Fascinating tweetstorm by Austen Allred about education, quoted in full below for readability/posterity:
This is a tweetstorm about things that have surprised me having started a school, coming from a non-educational background
- Students’ brains are broken by our existing system. We’ve been reworked purely for extrinsic reward and forgotten how to learn entirely. The most frequently asked questions we get are “is this required?” and “donwe get a certificate for this?” It’s sad Most universities, surprisingly, have no way to measure their effectiveness, and most don’t try. If you can’t measure effectiveness you can’t fail.
- Many academics believe you can’t learn online. Not that you can only learn a subset of things or that the learning is worse because it misses x y and z if not in person. They literally don’t believe it’s possible to have an effective online education.
- Apparently I can’t spell or number things correctly
- We accept students from all sorts of backgrounds, including socioeconomic, educational, etc. Our top performers? The poorest students with no college education. Hypothesis? They have no other options
- Everyone knows too many people attending universities don’t consider the financial burden, but NO ONE thinks about the time. Four years is a LONG time, but it doesn’t enter into peoples’ thinking generally when deciding if they should get a degree
- We had one student on the edge of homelessness, was $400 short on bills and almost had to quit because of that. I personally loaned him the money, and his income moved from $10/hr to $70k+/yr. It only took $400, but he didn’t have anywhere to get that from. Insane.
- Psychology matters much, much more than people think, and varies wildly based on socioeconomic background. People that don’t know many people that are middle class literally don’t understand what’s possible, and are unable to take the corresponding risks as a result of that.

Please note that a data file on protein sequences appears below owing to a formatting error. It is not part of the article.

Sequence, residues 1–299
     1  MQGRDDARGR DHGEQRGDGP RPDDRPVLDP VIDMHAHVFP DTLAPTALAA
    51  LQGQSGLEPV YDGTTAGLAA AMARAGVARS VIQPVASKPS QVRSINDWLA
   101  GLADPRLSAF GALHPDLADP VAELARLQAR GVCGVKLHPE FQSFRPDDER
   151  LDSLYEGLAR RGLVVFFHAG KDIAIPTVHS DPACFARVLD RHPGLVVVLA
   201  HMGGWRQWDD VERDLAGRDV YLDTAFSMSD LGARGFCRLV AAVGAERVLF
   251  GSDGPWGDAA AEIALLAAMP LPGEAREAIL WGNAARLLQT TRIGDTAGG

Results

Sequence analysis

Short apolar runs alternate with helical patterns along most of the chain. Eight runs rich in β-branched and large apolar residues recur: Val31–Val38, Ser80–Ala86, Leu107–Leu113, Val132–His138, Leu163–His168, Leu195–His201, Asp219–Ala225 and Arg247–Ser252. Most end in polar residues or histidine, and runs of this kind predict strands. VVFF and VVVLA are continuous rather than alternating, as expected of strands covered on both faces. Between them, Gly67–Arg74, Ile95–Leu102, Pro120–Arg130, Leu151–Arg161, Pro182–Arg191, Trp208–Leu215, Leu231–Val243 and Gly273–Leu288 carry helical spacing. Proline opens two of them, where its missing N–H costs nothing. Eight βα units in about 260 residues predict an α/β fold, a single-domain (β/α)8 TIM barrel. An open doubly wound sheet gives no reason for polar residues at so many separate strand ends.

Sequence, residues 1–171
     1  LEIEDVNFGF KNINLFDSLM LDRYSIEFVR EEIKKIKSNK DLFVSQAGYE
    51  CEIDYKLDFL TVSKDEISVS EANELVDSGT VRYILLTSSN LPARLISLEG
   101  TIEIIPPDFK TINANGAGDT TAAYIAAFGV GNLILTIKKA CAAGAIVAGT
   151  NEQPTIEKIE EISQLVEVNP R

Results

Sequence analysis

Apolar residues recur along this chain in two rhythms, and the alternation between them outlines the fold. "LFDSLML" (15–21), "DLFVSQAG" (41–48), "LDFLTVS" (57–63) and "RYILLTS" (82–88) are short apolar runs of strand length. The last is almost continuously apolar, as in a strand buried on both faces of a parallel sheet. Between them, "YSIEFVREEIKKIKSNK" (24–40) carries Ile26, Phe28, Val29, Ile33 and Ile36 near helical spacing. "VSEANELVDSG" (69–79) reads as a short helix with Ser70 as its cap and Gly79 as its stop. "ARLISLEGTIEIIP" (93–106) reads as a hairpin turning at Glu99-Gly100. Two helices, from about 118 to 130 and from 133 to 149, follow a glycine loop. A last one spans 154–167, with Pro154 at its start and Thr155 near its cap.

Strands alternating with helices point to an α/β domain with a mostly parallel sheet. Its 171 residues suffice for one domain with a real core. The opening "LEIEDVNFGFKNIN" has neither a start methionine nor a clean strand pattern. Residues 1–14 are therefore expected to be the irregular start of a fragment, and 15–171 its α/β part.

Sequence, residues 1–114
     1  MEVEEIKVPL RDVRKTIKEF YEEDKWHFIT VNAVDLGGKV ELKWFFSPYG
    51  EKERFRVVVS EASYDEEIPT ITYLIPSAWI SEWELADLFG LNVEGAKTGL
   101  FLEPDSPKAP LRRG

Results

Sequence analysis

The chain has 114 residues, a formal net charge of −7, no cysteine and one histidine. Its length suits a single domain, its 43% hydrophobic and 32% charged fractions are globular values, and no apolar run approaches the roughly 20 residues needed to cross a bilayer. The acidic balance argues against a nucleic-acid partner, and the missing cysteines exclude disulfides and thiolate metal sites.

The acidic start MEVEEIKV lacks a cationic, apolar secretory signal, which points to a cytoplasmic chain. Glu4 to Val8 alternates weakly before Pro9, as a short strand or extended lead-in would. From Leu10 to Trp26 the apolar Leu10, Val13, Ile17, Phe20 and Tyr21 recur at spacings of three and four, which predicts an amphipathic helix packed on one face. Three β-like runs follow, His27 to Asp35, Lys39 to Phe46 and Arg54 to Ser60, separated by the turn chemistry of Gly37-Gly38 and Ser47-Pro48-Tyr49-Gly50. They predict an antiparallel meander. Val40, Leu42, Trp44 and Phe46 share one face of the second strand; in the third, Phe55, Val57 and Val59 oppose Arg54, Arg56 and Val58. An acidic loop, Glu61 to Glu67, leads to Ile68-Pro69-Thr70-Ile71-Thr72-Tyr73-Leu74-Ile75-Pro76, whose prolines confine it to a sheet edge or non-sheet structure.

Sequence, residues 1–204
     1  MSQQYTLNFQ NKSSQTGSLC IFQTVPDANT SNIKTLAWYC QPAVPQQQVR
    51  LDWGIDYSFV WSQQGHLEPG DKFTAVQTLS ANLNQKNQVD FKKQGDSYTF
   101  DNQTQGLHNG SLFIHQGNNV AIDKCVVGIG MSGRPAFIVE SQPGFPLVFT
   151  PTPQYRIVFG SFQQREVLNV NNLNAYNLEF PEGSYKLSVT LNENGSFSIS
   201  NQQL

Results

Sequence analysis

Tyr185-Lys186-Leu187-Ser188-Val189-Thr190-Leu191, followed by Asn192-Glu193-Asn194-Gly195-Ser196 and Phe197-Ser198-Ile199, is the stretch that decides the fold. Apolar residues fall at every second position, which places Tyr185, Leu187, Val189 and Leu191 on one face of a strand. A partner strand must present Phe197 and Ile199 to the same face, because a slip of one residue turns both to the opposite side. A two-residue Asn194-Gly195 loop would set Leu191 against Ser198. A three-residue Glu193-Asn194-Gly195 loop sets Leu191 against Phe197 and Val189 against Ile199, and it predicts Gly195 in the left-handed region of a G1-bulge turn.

- 99% of people, when left long blocks of time alone to work on something without anyone to be accountable to, will watch Netflix.
- Nearly everyone recognizes that MOOCs are by and large a failure with ~2% completion rates, but they make us feel good because now it’s the students’ fault not they’re not learning, not the school’s
- Tuition at any Ivy League school is pretty much a rounding error no one cares about. Endowments are all that matters.
- Think for profit universities are bad? They’re worse than you think. Almost no matter how little you think of them they manage to be worse than that
- There are dozens of careers that are a 100% employment guarantee. There are dozens of careers where <50% get jobs. Everyone knows what those are on a university faculty, but no one does anything about it because universities don’t see it as their role to get you a job
- Universities and colleges that achieve accreditation (the kind that matters) are incredibly locked in as to what they teach, how long they teach it, and what requirements are
- Code bootcamps know they don’t prepare programmers very well for the job market, but they can’t lengthen their programs because then they’d have to increase the prices they charge accordingly, and the market disappears at 2x bootcamp prices
- There are many, many code bootcamps with <25% hiring rate that do millions of dollars per year in revenue by promising jobs
- People rely mainly on their parents for advice on what to do about education, and that has to be among the worst places to go for educational advice
- Accreditation is a ticket for Title IV funding (grants, fed subsidized student loans), and because of that adds a $10m+ premium to any school that is for sale. There are companies that get and sell accreditation and that’s all they do
- Economically we vastly undervalue education. A $10k swing in income when you’re 20 yrs old is actually worth $400k+ over your lifetime, but we’re (rightfully) skeptical of the returns
- We really have no way to measure how much universities help because there’s so much selection bias involved. E.g. what if you took all the people that got accepted to Stanford or Harvard and had them all go to the same community college? Or different schools? We don’t know.
- People who have never made upper middle class jobs are unused to working for people that want them to succeed
- Lack of access to a computer almost kept some of our best students from being able to attend. Those aren’t expensive.
- Bank accounts are surprisingly hard to get if you don’t have much money
- One of the biggest limiting factor in many Americans getting an education is geography. They don’t live near a college/university and making that move would be tremendously expensive relative to their incomes
That’s all for now. Thanks for playing!